Iran nuclear chief: Construction of nuclear plants going well

Head of Iran's Atomic Energy Organization says his country has started construction of two nuclear power plants in Bushehr.

Elad Benari ,

Ali Akbar Salehi
Ali Akbar Salehi

Ali Akbar Salehi, head of the Atomic Energy Organization of Iran, declared on Monday that his country has started construction of two new nuclear power plants in the southern city of Bushehr.

"Everything is moving ahead in an excellent manner. I was in Bushehr two or three days ago and the Bushehr 2 and Bushehr 3 power plants are being constructed," Salehi told reporters, according to the semiofficial Fars news agency.

He added that the infrastructures of the power plants have been built, noting that thousands of tons of concrete and cement have been used and that a larger amount of concrete will be injected to the infrastructures of the two new power plants as well.

Iran's first Russian-built nuclear power plant in Bushehr started operating in Iran in 2011 and reached full capacity the following year.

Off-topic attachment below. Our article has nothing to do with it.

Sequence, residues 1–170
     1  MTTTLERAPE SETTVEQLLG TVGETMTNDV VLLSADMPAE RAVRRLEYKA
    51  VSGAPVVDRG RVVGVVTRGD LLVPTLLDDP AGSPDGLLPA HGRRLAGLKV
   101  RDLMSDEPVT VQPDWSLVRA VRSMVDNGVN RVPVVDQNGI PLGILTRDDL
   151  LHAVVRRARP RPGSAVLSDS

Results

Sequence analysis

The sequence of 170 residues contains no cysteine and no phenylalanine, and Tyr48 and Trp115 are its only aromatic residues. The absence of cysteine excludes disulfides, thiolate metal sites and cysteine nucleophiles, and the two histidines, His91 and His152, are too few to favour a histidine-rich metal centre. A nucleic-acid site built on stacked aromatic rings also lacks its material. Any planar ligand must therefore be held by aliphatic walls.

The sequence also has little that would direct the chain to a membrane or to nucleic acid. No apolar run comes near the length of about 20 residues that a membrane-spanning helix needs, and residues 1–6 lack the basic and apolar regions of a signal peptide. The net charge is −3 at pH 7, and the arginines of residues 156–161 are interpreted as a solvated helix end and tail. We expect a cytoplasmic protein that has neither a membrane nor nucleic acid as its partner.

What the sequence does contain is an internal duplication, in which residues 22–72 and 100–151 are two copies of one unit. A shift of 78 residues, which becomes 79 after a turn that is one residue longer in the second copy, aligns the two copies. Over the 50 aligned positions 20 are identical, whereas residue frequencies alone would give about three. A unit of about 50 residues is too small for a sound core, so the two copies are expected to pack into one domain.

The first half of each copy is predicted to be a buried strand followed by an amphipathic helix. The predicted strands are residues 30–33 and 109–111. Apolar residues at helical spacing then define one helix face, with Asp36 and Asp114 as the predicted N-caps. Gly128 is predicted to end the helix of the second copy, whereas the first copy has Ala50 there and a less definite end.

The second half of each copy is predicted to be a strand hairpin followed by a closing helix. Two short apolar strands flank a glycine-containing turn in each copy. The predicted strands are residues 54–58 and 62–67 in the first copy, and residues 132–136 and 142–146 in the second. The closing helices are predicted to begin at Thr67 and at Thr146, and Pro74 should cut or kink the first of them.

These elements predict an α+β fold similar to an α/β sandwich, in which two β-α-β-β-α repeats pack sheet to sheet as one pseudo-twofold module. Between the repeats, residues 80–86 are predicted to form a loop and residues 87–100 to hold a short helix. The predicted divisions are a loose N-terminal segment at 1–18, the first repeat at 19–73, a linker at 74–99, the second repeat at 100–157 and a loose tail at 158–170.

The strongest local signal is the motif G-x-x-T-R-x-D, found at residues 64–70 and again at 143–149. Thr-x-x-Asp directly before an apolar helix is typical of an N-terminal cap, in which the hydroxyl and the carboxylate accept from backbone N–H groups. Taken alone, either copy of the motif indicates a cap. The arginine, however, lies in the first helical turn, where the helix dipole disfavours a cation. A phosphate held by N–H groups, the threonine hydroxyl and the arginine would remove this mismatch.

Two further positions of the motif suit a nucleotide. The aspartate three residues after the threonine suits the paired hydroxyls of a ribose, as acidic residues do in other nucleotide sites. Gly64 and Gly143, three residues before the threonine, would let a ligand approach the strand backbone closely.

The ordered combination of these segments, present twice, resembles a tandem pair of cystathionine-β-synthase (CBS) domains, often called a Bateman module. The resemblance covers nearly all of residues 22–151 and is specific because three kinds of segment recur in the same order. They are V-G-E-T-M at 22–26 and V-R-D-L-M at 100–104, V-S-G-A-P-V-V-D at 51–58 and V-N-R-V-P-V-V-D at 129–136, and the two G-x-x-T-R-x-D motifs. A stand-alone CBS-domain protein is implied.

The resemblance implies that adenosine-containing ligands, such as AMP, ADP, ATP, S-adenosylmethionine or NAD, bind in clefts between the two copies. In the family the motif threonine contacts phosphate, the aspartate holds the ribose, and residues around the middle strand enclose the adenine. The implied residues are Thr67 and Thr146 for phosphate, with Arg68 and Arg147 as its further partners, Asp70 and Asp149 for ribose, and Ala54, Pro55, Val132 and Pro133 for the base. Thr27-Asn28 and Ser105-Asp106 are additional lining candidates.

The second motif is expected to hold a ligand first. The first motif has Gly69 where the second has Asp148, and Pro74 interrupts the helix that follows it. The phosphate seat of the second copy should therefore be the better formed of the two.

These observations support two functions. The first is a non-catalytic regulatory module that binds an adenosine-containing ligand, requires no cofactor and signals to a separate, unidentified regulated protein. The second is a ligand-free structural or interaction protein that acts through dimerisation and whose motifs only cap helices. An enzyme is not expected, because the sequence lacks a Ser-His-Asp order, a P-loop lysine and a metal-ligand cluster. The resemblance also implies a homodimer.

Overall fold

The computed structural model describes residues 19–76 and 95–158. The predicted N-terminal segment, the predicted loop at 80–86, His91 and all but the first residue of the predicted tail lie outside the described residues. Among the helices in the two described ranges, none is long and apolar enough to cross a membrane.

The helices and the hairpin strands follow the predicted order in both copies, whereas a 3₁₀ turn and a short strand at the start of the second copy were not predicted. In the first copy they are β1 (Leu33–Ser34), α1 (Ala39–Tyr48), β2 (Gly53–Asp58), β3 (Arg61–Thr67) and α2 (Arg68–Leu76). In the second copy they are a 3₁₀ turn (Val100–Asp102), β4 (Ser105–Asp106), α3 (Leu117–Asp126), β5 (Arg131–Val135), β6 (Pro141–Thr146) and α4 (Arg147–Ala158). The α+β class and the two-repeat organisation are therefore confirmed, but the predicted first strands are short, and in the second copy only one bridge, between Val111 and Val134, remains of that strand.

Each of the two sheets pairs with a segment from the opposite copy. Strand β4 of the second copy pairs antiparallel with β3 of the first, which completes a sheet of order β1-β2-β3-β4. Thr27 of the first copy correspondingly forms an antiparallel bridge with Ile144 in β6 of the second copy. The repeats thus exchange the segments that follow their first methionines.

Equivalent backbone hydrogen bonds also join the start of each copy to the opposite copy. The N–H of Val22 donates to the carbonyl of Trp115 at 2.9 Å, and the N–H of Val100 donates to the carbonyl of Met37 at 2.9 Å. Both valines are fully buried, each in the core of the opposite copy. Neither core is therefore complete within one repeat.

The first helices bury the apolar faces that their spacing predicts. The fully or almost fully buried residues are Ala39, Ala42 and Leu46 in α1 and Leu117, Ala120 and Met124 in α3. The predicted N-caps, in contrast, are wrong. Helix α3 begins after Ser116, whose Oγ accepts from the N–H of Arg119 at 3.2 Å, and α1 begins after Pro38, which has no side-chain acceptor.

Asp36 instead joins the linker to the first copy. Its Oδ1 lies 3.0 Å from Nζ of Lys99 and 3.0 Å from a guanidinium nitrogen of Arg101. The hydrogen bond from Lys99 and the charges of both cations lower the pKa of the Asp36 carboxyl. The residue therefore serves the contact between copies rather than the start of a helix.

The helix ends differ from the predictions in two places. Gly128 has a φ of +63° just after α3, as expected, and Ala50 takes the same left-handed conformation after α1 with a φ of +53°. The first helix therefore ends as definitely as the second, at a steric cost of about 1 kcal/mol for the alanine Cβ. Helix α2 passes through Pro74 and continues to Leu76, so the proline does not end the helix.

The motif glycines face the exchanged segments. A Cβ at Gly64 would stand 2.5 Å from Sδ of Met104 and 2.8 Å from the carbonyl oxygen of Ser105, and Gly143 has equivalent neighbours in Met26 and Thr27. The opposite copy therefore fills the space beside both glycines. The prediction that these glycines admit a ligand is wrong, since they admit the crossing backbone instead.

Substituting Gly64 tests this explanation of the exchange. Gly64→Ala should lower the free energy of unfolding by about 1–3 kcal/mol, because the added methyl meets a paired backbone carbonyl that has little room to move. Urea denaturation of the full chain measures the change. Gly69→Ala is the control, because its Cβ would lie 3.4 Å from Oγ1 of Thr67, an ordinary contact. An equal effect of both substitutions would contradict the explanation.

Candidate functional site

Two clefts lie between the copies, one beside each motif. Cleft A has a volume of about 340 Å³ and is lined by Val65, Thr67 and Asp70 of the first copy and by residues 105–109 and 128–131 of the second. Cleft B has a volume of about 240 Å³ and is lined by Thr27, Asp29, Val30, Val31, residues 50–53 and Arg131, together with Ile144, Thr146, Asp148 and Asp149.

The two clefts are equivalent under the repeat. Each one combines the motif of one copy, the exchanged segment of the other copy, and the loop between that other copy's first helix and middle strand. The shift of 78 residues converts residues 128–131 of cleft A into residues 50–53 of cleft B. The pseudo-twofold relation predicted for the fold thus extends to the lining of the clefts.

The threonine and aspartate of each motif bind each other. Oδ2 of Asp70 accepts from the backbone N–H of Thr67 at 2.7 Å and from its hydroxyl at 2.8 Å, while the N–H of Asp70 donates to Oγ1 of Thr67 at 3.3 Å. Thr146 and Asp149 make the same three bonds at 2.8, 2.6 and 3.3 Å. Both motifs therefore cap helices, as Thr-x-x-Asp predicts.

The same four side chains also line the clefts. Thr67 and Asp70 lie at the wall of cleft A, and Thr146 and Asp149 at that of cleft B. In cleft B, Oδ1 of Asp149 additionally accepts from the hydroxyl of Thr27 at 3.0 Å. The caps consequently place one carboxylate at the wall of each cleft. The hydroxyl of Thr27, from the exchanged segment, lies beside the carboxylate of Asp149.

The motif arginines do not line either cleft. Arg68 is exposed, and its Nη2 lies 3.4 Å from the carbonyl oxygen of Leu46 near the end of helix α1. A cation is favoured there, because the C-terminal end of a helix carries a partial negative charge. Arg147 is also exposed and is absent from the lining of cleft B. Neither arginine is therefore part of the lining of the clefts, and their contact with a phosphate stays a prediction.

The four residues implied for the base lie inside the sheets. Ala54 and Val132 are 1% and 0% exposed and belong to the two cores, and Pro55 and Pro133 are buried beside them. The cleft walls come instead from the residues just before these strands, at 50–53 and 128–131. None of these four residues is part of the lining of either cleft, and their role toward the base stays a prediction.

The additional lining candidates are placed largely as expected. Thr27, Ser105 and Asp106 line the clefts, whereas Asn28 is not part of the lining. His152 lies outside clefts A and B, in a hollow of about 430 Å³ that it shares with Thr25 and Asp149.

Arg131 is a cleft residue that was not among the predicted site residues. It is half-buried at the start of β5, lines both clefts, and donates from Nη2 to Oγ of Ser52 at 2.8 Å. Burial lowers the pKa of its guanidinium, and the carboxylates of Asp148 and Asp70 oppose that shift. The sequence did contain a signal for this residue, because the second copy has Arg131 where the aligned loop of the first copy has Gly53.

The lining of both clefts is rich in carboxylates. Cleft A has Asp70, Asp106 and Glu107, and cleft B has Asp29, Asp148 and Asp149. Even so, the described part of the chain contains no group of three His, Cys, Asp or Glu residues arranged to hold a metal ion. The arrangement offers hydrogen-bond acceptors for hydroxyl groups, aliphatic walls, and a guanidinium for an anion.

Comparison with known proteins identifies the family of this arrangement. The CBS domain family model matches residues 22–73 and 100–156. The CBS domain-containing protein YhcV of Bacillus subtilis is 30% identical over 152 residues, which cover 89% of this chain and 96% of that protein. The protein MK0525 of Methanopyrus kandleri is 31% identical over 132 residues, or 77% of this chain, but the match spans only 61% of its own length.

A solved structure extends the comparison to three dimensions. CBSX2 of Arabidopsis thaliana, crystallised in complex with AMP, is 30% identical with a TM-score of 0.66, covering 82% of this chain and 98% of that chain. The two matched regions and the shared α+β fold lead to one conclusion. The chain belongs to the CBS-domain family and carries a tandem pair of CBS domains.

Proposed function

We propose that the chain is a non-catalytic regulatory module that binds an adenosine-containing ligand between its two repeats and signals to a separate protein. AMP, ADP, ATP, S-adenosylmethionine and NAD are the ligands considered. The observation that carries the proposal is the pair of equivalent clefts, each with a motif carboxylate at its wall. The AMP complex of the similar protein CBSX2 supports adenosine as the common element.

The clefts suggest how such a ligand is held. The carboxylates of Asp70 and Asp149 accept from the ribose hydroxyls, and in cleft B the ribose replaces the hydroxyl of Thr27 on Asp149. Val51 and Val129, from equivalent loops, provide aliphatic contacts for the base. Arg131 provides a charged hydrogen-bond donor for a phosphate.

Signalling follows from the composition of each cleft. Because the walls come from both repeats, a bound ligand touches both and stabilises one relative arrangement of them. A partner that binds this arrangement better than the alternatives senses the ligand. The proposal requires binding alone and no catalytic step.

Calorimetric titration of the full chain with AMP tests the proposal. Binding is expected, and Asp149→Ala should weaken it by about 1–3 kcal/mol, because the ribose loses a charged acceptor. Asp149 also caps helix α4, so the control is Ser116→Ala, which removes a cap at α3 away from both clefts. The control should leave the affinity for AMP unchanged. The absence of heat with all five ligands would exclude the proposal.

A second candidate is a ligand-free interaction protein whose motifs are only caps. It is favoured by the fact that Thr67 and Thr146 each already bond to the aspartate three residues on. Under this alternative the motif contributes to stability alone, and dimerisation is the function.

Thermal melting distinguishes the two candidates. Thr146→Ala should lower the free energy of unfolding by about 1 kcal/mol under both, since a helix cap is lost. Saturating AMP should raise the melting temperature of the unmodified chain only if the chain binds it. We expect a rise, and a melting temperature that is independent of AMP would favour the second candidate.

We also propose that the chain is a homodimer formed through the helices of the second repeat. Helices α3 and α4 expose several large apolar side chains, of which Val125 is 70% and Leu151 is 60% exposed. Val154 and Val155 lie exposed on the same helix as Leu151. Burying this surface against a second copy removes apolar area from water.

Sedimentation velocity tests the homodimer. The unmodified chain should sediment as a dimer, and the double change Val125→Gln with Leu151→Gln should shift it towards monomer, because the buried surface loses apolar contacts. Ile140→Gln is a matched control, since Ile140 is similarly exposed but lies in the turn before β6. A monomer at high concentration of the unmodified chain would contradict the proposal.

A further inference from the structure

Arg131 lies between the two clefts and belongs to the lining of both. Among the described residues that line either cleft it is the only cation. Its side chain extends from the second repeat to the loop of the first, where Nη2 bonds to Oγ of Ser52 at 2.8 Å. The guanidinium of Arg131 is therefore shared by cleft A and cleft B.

In 2014, Iranian President Hassan Rouhani announced that his country would build a second nuclear power plant in Bushehr.

Several months later, Iran and Russia signed a deal for Russia to build two more nuclear power plants in Bushehr.

Despite concerns about Iran’s nuclear plans, experts have argued that the Bushehr plant is not a risk as International Atomic Energy Agency (IAEA) inspectors monitor the site ensure that all of the spent fuel is returned to Russia.

At the same time, Iran has been threatening to restart its nuclear program ever since US President Donald Trump pulled out of the nuclear deal in May of 2018 and imposed two rounds of sanctions against the Islamic Republic.

Iran several months ago reopened a nuclear plant that was idle for nine years as it prepared to increase uranium enrichment capacity in response to Trump leaving the 2015 agreement.

In January, Salehi said Iran is taking preliminary steps to design uranium fuel with a purity of 20 percent for reactors instead of having to copy foreign designs.

He later claimed in a television interview that the negotiations surrounding the 2015 Iranian nuclear agreement had required Iran to destroy the Arak reactor's calandria by filling it with cement, but Iran had secretly acquired replacement tubes ahead of time so that the reactor's functionality would not be ultimately affected.